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After having searched the whole afternoon for a solution online I am asking you here. The main difference of my viewport-problem from other problems mentioned on StackOverflow is that I only access it in Portrait mode (so no rotating or Landscape mode). Here is my problem:

I created a website containing as its basic structure three columns: 44pt- (div-element), 232pt- (input-element) and 44pt-width (div-element) respectively. So my maximum page width is equal to 320pt, the height of all elements is until now <250pt.

If I now render the page on the iOS Simulator (via XCode on Mac), which should be identical to an iPhone's behaviour, it does not scale the page correctly. I tried already the following options:

[no meta-tag]

shows approximately 240% of width

<meta name="viewport" content="width=device-width; initial-scale=1.0;" />

shows approximately 70% of width

<meta name="viewport" content="width=device-width;" />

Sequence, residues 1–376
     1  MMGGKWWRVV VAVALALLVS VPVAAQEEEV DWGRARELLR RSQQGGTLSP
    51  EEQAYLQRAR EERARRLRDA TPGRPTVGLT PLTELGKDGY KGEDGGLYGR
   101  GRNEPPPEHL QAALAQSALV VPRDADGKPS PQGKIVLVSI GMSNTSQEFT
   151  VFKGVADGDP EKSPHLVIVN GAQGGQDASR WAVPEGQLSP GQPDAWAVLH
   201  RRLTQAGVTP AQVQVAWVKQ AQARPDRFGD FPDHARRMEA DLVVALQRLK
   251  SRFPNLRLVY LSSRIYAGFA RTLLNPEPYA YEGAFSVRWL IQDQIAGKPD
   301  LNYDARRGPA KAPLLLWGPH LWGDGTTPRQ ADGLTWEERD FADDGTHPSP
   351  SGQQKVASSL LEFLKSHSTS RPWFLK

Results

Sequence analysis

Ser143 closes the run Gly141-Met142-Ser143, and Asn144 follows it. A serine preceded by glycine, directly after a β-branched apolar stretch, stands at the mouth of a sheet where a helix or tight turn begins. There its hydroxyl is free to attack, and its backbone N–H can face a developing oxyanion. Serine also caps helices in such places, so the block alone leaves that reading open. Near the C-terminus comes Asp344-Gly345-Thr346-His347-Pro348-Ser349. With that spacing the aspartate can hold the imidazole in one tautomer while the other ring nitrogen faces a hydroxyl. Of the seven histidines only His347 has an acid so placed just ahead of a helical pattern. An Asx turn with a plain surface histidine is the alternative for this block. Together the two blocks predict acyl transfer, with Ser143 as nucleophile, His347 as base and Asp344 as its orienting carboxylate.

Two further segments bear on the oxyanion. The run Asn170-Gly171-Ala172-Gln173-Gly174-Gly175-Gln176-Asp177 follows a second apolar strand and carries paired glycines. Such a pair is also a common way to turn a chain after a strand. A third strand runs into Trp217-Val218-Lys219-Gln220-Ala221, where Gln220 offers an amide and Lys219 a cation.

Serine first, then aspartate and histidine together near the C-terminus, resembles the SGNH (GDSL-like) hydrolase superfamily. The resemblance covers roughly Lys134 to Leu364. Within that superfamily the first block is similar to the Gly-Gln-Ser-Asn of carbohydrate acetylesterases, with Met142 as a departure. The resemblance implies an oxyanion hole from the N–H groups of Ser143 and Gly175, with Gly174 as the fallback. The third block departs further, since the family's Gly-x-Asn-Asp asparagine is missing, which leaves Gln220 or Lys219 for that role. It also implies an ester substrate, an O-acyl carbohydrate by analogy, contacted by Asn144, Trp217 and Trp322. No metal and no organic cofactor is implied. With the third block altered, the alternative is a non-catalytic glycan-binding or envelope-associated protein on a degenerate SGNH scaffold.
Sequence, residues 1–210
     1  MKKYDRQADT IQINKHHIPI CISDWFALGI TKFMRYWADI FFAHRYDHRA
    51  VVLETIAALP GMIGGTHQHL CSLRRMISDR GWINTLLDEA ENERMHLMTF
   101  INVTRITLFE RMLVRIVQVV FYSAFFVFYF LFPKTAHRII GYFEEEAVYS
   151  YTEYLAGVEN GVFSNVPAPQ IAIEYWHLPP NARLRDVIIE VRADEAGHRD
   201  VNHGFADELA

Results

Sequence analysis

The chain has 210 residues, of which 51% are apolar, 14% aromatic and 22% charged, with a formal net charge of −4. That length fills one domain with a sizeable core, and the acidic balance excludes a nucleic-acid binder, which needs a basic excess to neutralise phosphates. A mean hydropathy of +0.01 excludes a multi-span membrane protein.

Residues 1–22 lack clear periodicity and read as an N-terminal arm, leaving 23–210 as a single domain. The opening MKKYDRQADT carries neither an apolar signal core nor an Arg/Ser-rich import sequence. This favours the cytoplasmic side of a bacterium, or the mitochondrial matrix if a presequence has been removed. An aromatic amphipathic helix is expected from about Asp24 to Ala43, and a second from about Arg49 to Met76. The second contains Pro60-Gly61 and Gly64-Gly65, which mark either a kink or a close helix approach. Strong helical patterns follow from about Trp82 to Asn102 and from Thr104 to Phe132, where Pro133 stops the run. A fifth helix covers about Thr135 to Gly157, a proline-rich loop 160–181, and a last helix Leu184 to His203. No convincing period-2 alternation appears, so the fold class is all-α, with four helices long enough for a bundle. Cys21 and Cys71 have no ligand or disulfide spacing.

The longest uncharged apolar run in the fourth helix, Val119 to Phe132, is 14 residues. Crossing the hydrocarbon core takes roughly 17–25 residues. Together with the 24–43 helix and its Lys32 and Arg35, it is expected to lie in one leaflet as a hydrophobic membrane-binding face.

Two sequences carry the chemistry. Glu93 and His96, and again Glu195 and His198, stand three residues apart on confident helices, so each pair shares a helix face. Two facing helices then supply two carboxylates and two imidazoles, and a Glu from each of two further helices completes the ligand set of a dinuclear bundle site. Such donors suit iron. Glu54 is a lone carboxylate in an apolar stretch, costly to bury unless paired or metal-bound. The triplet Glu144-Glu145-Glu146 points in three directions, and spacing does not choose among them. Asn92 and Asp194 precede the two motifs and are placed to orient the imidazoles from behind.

focus on the first div which has "width=44pt"

<meta name="viewport" content="width=320; initial-scale=1.0;" />

shows approximately 70% of width

<meta name="viewport" content="width=320;" />

focus on the first div which has "width=44pt"

<meta name="viewport" content="initial-scale=1.0;" />

shows approximately 70% of width

<meta name="viewport" content="initial-scale=1.0;maximum-scale=1.0" />

shows approximately 70% of width

The result stays the same: The web page is once too small (too much zoomed out), once too big (too much zoomed in). Only by tweaking the "initial-scale"-value to around .75 I get approximately the desired result.

What is my error for the iPhone-Safari? Which arguments should I use for the meta-viewport tag?

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1 Answer 1

up vote 0 down vote accepted

I finally found a solution quite some time ago and thought maybe someone else is interested one day: Instead of defining the sizes in my css-file in points ("pt") I now use pixels ("px"). Rendering is now as desired.

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